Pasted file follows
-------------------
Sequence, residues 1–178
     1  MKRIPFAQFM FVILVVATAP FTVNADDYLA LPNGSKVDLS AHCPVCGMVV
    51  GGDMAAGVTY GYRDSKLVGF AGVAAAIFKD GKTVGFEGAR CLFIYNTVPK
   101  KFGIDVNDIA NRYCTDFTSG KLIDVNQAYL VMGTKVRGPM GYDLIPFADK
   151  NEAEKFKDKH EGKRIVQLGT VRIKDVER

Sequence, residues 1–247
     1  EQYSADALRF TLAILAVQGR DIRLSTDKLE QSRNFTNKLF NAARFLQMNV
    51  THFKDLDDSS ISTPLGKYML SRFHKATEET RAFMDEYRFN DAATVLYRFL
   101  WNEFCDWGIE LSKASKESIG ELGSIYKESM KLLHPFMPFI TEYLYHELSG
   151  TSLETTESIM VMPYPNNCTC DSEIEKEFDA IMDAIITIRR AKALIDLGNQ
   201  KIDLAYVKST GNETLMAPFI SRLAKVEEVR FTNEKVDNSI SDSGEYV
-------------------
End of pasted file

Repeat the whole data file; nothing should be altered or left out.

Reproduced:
Sequence, residues 1–178
     1  MKRIPFAQFM FVILVVATAP FTVNADDYLA LPNGSKVDLS AHCPVCGMVV
    51  GGDMAAGVTY GYRDSKLVGF AGVAAAIFKD GKTVGFEGAR CLFIYNTVPK
   101  KFGIDVNDIA NRYCTDFTSG KLIDVNQAYL VMGTKVRGPM GYDLIPFADK
   151  NEAEKFKDKH EGKRIVQLGT VRIKDVER

Sequence, residues 1–247
     1  EQYSADALRF TLAILAVQGR DIRLSTDKLE QSRNFTNKLF NAARFLQMNV
    51  THFKDLDDSS ISTPLGKYML SRFHKATEET RAFMDEYRFN DAATVLYRFL
   101  WNEFCDWGIE LSKASKESIG ELGSIYKESM KLLHPFMPFI TEYLYHELSG
   151  TSLETTESIM VMPYPNNCTC DSEIEKEFDA IMDAIITIRR AKALIDLGNQ
   201  KIDLAYVKST GNETLMAPFI SRLAKVEEVR FTNEKVDNSI SDSGEYV